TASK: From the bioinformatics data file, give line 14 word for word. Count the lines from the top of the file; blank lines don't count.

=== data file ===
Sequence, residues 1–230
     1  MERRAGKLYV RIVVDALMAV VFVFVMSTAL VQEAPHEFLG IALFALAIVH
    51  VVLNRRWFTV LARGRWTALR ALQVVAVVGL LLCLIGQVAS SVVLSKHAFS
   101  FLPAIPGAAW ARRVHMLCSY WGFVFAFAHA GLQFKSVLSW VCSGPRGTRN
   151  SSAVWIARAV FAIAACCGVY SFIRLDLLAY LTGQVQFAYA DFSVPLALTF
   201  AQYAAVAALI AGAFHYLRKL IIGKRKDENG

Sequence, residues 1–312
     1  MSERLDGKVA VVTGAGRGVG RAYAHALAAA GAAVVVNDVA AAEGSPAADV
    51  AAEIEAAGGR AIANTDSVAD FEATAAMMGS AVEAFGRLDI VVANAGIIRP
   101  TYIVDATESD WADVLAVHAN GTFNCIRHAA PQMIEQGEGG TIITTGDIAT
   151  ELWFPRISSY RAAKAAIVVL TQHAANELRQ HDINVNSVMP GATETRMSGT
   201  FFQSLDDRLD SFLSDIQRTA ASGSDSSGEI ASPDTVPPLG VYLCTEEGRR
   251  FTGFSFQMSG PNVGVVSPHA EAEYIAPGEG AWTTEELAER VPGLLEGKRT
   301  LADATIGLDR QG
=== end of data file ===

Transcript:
   301  LADATIGLDR QG